During the COVID-19 pandemic, fleet and workplace drivers have been recognized as heroes keeping America’s supply chain open. They’ve been impacted as federal regulations have been loosened relating to hours of service and how breaks are calculated.
In some cases, this has rekindled the old tug-of-war game of compliance versus safety. While it may be legal to put in long hours, is it safe? For drivers, studies show being awake for between 18 and 24 hours can be similar to the effects of alcohol-impairment.
Managing fatigue is more important now than ever as the rest of the U.S. workforce begins to return to work, too. More than 40% of workers are sleep-deprived in normal times. Fatigue doesn’t care what the circumstances are, and its effects can be far-reaching, impacting all aspects of daily life. Adults need seven to nine hours of sleep to reach peak performance levels. In fact, researchers agree a good night’s sleep can reduce stress levels, increase memory and lower your blood pressure.
During March, as shelter-in-place orders took hold and the roads largely emptied, speed and reckless driving behaviors contributed to a 14% nationwide year-over-year jump in traffic fatality rates per miles driven. Moving forward, as the roads once again become more congested, mental distractions are likely to occur at a greater rate than before. That, combined with physical distractions, makes for a risky combination.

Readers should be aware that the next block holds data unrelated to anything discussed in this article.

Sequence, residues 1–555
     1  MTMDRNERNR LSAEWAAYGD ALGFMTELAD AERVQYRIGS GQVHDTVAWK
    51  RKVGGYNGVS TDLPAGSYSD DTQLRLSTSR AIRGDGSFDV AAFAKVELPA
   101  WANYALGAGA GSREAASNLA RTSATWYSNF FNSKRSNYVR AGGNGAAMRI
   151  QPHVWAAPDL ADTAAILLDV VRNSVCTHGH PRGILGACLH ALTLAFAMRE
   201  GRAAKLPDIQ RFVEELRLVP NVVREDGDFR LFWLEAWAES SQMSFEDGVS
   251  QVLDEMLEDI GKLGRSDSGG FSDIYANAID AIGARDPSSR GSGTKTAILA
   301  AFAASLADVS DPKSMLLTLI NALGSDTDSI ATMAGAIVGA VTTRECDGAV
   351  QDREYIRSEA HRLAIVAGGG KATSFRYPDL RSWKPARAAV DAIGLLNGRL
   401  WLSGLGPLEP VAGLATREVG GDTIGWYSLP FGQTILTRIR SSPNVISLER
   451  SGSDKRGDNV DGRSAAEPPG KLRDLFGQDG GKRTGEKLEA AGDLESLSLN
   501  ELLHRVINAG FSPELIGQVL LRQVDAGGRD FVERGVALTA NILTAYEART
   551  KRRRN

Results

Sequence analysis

People are worried about their own health and the wellbeing of their family and struggling to come to grips with challenges of putting food on the table and making monthly rent or mortgage payments. Their minds are racing. Safe driving requires full attention.
In this environment, safety leaders need to check in often with employees and lead communications with an empathetic voice. Evaluation policies and procedures take on greater importance as this is not business as usual, not yet.
Drivers can benefit from basic reminders and training refresher courses. The rules of the road still apply. Safety is a non-negotiable core value. Safety is also a way to build a better future.
– Lisa Robinson is a senior program manager with the National Safety Council